are lead by the United States Holocaust Memorial Council, which was created by an act of Congress in 1980. Events may be held
during a week of Remembrance, which lasts from one Sunday through to the following Sunday and includes Yom HaShoah.
Yom HaShoah is a public
holiday in Israel, but not in Australia,
Canada, New Zealand,
the United Kingdom, the United
States and many other countries. However, as many Jewish people will take time on this day
to remember the victims of the Holocaust, Jewish organizations may be closed or operate a reduced level of service.
Adolf Hitler and the
National Socialist German Workers Party, which he led, placed a lot of importance on their ideas of racial hygiene. They believed
that it was possible to create a pure race of supreme German people using selective breeding techniques applied in agriculture.
They wished to eliminate certain groups of people, who were seen as racially impure, from Germany. These included: Jewish people; the Roma; certain groups of people from
Poland and Russia;
Jehovah's Witnesses; disabled persons; homosexuals; and Communists. The removal of Jewish people from German society was particularly
well-planned and was referred to as the "Final Solution to the Jewish Question". A total of around 11 million people, of whom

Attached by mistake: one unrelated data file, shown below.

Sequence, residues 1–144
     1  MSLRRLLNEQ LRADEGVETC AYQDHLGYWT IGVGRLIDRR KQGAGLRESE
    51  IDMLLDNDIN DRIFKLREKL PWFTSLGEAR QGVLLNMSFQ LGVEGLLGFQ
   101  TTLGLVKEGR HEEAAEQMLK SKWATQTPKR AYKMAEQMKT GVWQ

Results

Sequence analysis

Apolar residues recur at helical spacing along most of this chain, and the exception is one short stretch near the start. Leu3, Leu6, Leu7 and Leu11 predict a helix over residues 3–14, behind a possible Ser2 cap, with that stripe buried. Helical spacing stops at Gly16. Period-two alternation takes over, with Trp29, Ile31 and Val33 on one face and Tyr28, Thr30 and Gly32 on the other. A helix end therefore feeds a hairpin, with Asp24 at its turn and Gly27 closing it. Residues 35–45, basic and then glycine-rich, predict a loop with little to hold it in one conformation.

about six million were Jewish, died mostly in death and concentration camps.
It was originally proposed
to hold Holocaust Remembrance Day on the 14th day of Nisan, the first month of the ecclesiastical year in the Hebrew calendar.
This is the anniversary of the ghetto uprising in Warsaw,
which occurred on April 19, 1943, in the Gregorian calendar. However, the 14th day of Nisan is the day before the start of
Passover (Pesach) and the 27th day was chosen instead. This is eight days before Israel's Independence Day (Yom Ha'atzma'ut). Holocaust Remembrance Day has been
observed in Israel since 1959. The date
of Yom HaShoah may be moved forward or backwards, so that it does not fall on Friday or Saturday.
Yom HaShoah is not universally
recognized or observed. Some groups remember the victims of the Holocaust on other days of mourning, many of which predate
World War II. Examples are the ninth day of the month of Av, known as Tisha B'Av and which falls in July of August of the
Gregorian calendar, and the 10th day of the month of Tevet, known as Asarah b'Tevet and which falls in December or January
of the Gregorian calendar. Other groups criticize the day because it does not commemorate the lives of non-Jewish people who
died in the Holocaust.
A range of people, objects,
texts and shapes symbolize the Holocaust. These include: Anne Frank and her diary; the railway cars used to transport people
to concentration camps; gates with the words "Arbeit Macht Frei"; clothes worn by prisoners; swastikas; and the yellow stars
of David that Jewish people were required to wear on their outer clothing. Symbols of remembrance of the victims of the Holocaust
include recitations of transcriptions of lists of names of the victims and eternal flames, such as one that burns in the Hall
of Remembrance (Ohel Yizkor) in Yad Vashem, Israel.